Every spring and fall, San Francisco residents enjoy free admission on designated weekends according to zip codes. Our turn happened a few weeks ago.
Mijo and I absolutely love the Academy so we try to go to these free events as much as we could. Thank you, California Academy of Sciences for the free admission!
The line to the box office was long, as usual, when we got there. This has always been a popular place for both kids and adults. Proof of residency are required for residents of the designated zip codes to get the free admission.
As always, Mijo and I marched to the Planetarium's passes kiosk to secure the passes to either see the Fragile Planet or Habitat Earth. The passes are on a first come first serve basis. We were just on time for Fragile Earth playing at 12:45pm so we decided to go to that show.
The Planetarium is an all-digital dome I've never felt so close to the celestial bodies before. This is like watching a science tv program on a 75 foot digital dome screen.
After the enjoyable science show, we headed to the San Francisco Shakes attraction. On the way, we saw this huge whale skeleton. That is one big whale!
They were also showing a comparison of different flightless birds and how they evolved separately when the super continent split into our present day continents.
There was a long line at the San Francisco Shakes attraction but it went fast. The attraction has two parts. One is inside a dome that looks like a planetarium. This is where we watched presentation and videos about origins of earthquakes and a close look at the San Francisco earthquakes of 1989 and 1906.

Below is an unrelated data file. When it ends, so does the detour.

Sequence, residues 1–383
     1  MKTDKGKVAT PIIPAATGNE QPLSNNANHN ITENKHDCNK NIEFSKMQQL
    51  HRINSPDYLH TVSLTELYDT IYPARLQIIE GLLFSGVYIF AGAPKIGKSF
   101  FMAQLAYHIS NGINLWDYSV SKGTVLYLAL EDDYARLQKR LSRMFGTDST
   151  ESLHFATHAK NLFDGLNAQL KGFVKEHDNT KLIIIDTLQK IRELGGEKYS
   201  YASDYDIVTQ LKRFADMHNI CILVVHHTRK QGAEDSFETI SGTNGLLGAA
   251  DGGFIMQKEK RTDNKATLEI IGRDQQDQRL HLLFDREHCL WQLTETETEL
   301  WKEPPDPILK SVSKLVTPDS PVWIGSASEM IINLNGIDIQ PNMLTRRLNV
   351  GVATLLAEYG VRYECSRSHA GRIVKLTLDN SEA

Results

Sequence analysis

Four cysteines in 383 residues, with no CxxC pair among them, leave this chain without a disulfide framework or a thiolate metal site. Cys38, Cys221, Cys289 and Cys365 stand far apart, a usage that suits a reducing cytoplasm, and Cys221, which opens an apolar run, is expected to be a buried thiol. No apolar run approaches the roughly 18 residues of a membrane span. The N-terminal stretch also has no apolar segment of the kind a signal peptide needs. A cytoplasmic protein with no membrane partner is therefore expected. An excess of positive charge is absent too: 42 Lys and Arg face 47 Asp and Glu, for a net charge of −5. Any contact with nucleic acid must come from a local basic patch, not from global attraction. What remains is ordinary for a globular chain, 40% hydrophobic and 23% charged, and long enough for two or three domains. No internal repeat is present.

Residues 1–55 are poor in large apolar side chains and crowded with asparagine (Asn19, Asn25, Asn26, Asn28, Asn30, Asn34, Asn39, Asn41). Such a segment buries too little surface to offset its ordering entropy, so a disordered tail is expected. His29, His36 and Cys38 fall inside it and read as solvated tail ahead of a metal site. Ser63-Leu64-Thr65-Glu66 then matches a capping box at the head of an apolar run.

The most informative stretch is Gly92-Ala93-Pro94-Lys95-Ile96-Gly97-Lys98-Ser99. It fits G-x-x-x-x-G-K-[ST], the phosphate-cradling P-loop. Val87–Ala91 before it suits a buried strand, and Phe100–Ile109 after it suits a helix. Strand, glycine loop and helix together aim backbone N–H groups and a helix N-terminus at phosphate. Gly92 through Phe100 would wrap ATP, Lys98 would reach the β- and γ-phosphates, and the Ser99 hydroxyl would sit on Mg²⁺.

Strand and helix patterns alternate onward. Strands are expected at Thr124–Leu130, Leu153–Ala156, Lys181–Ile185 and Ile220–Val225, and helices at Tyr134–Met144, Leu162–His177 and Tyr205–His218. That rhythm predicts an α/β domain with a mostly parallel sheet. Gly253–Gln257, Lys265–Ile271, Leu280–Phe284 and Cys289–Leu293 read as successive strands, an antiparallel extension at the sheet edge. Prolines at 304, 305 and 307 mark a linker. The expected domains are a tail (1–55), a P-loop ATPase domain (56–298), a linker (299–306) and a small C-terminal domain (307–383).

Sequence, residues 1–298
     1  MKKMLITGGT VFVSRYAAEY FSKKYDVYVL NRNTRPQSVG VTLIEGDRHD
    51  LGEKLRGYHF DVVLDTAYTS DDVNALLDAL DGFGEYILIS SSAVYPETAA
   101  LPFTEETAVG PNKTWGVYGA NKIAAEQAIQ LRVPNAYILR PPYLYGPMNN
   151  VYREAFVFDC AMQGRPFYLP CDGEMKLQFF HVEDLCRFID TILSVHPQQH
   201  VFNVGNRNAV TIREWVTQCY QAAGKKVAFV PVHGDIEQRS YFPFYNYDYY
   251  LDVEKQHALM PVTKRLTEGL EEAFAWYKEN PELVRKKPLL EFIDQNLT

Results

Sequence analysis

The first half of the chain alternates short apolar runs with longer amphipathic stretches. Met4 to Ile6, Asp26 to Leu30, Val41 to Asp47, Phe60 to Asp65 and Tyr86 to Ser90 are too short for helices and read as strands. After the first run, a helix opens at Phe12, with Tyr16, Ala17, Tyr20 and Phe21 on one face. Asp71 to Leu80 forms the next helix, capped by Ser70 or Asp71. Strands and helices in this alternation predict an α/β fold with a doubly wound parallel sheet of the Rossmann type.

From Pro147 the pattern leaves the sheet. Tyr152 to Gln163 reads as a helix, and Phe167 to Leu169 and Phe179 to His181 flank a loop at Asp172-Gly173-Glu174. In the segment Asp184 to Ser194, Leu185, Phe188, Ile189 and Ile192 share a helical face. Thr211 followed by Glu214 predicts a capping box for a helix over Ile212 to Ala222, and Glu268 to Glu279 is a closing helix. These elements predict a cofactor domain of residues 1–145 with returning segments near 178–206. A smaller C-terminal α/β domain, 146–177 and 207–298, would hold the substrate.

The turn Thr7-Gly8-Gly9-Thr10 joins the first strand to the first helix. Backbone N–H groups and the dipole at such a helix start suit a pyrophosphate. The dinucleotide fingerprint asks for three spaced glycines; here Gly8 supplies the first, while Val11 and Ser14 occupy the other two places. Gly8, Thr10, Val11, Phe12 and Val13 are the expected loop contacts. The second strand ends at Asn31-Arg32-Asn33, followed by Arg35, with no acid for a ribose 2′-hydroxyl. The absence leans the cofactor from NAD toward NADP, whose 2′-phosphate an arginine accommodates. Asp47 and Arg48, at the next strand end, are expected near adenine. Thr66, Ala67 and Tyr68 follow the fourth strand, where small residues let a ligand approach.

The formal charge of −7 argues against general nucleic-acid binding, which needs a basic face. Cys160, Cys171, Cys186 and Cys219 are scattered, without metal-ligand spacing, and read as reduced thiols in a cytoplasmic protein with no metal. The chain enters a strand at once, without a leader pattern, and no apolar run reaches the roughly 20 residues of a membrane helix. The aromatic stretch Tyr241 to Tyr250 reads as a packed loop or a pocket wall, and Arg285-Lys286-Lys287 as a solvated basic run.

The second structure is a Victorian home that mimics the great San Francisco earthquake of 1906.
I grew up in Manila where I experienced earthquakes on several occasions. Nevertheless, the San Francisco Shakes attraction made me feel uneasy and terrified. Outside the attraction, there is an earthquake education on what to do during an earthquake and what to have to be prepared for the big one.
Next to the San Francisco Shakes attraction are these interactive digital kiosks showing the super continent and the timeline of the split of the land masses. This is awesome!
We got our pass for the next Planetarium show called Habitat Earth. We had to pass time.
A good way to pass time is to go inside the biosphere.
We love to go inside this man made tropical forest. Plants, butterflies and birds abound inside the sphere. The sights, smell, the temperature, and the sounds transported me to a lush tropical forest.
We also stopped at our favorite Steinhart Aquarium.
We saw the California Coast.
And the Philippine Coral reef.
For a coffee break and a chance to seat down for a bit, we headed to the Academy's Cafe.
Of course, a visit to the Academy is not complete without checking out the Living Roof. Mijo and I wondered how the drought is affecting the living roof? Since the plants here are native California plants, it is surviving the drought.
It was near sunset when we finally stepped out of the Academy.
Thank you Academy for letting us visit you for free!